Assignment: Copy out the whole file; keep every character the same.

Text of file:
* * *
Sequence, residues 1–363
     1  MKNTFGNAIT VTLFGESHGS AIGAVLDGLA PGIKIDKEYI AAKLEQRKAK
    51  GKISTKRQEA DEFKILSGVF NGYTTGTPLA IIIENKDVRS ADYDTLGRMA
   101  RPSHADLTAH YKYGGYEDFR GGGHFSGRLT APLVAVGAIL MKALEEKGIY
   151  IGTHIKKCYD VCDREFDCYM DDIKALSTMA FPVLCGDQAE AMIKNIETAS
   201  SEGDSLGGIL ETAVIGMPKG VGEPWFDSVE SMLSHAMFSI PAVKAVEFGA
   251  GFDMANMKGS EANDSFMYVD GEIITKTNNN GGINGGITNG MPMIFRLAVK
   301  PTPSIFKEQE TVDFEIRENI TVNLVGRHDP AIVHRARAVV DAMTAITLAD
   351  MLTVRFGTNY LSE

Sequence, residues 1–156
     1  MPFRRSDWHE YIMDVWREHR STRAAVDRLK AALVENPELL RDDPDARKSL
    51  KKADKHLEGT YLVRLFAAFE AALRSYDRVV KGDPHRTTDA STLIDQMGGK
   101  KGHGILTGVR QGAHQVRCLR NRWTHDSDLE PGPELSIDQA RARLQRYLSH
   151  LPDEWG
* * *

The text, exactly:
Sequence, residues 1–363
     1  MKNTFGNAIT VTLFGESHGS AIGAVLDGLA PGIKIDKEYI AAKLEQRKAK
    51  GKISTKRQEA DEFKILSGVF NGYTTGTPLA IIIENKDVRS ADYDTLGRMA
   101  RPSHADLTAH YKYGGYEDFR GGGHFSGRLT APLVAVGAIL MKALEEKGIY
   151  IGTHIKKCYD VCDREFDCYM DDIKALSTMA FPVLCGDQAE AMIKNIETAS
   201  SEGDSLGGIL ETAVIGMPKG VGEPWFDSVE SMLSHAMFSI PAVKAVEFGA
   251  GFDMANMKGS EANDSFMYVD GEIITKTNNN GGINGGITNG MPMIFRLAVK
   301  PTPSIFKEQE TVDFEIRENI TVNLVGRHDP AIVHRARAVV DAMTAITLAD
   351  MLTVRFGTNY LSE

Sequence, residues 1–156
     1  MPFRRSDWHE YIMDVWREHR STRAAVDRLK AALVENPELL RDDPDARKSL
    51  KKADKHLEGT YLVRLFAAFE AALRSYDRVV KGDPHRTTDA STLIDQMGGK
   101  KGHGILTGVR QGAHQVRCLR NRWTHDSDLE PGPELSIDQA RARLQRYLSH
   151  LPDEWG